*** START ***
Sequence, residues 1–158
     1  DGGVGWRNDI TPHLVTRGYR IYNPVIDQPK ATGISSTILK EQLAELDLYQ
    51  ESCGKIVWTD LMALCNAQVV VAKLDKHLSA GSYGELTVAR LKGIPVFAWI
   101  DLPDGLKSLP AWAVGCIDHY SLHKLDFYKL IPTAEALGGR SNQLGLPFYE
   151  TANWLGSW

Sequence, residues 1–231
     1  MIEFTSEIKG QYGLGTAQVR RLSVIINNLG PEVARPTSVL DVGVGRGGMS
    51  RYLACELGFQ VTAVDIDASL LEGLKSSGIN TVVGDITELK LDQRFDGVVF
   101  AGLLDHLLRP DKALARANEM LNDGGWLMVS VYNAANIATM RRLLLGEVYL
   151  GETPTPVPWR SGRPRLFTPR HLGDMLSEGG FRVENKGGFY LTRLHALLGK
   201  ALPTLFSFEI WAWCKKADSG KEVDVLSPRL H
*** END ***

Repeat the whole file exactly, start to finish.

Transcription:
Sequence, residues 1–158
     1  DGGVGWRNDI TPHLVTRGYR IYNPVIDQPK ATGISSTILK EQLAELDLYQ
    51  ESCGKIVWTD LMALCNAQVV VAKLDKHLSA GSYGELTVAR LKGIPVFAWI
   101  DLPDGLKSLP AWAVGCIDHY SLHKLDFYKL IPTAEALGGR SNQLGLPFYE
   151  TANWLGSW

Sequence, residues 1–231
     1  MIEFTSEIKG QYGLGTAQVR RLSVIINNLG PEVARPTSVL DVGVGRGGMS
    51  RYLACELGFQ VTAVDIDASL LEGLKSSGIN TVVGDITELK LDQRFDGVVF
   101  AGLLDHLLRP DKALARANEM LNDGGWLMVS VYNAANIATM RRLLLGEVYL
   151  GETPTPVPWR SGRPRLFTPR HLGDMLSEGG FRVENKGGFY LTRLHALLGK
   201  ALPTLFSFEI WAWCKKADSG KEVDVLSPRL H